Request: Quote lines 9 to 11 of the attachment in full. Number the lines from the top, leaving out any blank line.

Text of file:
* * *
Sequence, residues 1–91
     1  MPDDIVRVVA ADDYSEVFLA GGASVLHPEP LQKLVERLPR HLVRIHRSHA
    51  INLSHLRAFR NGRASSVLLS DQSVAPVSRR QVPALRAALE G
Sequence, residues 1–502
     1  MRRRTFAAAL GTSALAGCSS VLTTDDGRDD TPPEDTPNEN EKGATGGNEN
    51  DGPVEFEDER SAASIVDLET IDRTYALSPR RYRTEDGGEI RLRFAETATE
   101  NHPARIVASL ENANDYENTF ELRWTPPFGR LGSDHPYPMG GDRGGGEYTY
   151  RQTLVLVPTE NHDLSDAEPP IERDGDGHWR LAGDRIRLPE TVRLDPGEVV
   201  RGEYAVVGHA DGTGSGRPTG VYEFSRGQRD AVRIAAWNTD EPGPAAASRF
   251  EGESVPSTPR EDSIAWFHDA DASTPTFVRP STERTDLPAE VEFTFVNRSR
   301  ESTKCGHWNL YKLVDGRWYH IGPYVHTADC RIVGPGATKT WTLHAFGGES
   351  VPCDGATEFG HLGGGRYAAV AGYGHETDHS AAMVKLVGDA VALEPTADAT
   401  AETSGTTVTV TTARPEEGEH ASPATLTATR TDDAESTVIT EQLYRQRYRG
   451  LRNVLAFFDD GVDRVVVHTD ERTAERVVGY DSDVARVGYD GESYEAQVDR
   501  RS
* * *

   201  RGEYAVVGHA DGTGSGRPTG VYEFSRGQRD AVRIAAWNTD EPGPAAASRF
   251  EGESVPSTPR EDSIAWFHDA DASTPTFVRP STERTDLPAE VEFTFVNRSR
   301  ESTKCGHWNL YKLVDGRWYH IGPYVHTADC RIVGPGATKT WTLHAFGGES